It is a common pitfall for adults to think they are teaching children. Most often, it is the reverse. Children teach adults. How? Very simply: they teach us to remember what we forgot. A child has the innate ability to see the authentic. For children with neurodiverse features, authenticity can be a driving force.
Every summer, I spend time with my niece who has been diagnosed with dyslexia. She is the type of child who does not let outside influences define her identity. She is very expressive, letting others know her likes and dislikes, fairly. When we talk about life, I remind her that she has super powers many do not have. She has a gift of seeing intricate patterns. She can distinguish the richness of sound that I sometimes miss. Most importantly, she is very empathetic.
As a sailing instructor who works with neurodiverse children, aka differently abled, my niece reminds me how some children are naturally gifted sailors, like her. Sailing is about feeling the wind, reading the water and currents, hearing changes in sounds like a sail luffing, feeling the boat accelerate in a gust, and being receptive to another who might be in discomfort. These are skills that cannot be taught. They are learned experiences.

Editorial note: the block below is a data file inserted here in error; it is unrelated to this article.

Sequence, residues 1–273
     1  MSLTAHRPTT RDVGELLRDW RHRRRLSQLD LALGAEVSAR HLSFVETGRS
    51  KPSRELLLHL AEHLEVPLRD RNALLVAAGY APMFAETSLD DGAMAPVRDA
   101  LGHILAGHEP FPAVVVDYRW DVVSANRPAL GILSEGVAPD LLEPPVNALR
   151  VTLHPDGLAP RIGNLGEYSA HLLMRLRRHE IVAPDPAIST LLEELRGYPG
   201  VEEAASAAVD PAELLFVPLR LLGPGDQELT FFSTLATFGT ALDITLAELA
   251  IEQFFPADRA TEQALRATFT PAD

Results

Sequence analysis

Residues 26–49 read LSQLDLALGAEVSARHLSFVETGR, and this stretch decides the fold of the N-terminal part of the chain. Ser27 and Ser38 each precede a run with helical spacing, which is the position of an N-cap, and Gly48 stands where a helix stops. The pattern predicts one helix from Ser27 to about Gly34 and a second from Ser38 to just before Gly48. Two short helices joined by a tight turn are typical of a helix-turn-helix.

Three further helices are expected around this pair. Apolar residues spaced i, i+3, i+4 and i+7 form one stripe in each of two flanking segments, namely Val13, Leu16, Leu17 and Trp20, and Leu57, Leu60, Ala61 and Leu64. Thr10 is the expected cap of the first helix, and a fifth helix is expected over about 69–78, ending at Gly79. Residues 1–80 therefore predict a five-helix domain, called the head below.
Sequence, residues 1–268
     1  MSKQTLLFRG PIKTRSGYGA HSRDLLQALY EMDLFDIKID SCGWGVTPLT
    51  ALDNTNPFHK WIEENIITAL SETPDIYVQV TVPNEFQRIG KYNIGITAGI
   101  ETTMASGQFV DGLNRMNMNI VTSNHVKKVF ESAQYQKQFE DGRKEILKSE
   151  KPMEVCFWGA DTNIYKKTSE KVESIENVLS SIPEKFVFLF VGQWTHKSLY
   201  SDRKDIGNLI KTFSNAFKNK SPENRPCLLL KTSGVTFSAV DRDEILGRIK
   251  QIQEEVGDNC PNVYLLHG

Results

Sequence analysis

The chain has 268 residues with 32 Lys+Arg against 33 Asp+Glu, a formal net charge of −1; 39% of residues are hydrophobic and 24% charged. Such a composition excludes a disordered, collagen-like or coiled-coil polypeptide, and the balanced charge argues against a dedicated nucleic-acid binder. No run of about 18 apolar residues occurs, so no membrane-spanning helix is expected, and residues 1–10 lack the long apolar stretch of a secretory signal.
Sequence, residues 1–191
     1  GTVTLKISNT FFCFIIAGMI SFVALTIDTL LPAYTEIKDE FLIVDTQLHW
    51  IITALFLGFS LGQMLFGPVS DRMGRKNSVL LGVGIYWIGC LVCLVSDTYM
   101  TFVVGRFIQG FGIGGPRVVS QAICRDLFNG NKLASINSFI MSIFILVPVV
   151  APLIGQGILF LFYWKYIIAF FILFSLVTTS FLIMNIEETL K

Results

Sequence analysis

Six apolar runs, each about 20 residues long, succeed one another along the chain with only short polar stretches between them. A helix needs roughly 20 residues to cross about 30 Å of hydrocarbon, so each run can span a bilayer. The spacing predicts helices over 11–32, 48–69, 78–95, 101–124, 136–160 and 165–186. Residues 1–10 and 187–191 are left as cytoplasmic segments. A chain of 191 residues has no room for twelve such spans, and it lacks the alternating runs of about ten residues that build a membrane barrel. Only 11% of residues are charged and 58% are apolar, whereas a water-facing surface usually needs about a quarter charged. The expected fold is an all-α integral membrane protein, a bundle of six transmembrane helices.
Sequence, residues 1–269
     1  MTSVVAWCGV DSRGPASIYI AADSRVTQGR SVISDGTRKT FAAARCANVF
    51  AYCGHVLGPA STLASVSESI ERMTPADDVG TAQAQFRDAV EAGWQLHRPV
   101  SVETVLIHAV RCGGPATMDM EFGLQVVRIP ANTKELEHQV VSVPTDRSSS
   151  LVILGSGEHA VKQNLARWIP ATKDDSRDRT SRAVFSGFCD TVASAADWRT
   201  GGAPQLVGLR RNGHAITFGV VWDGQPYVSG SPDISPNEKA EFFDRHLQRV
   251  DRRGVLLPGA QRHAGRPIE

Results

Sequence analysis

Each lesson, I have a choice how I approach a student who wants to sail. I can try to fix the student’s mistakes and make constant corrections when I feel the student is not meeting my expectations. Or I can meet the student and try to understand their gifts, allowing them to flourish while we both remain open to learning something unexpected. To be honest, I do both but always strive to be present and be curious about the student’s gifts.
I have mild dyslexia but never received a diagnosis. My niece’s experience is different from mine but I continue to learn from her. “Play is serious learning,” wrote Mr. Rogers. This summer my niece taught me how to make a friendship bracelet. Weaving a bracelet is very similar to splicing a line on a boat. When we play, we find skills that can last a lifetime.
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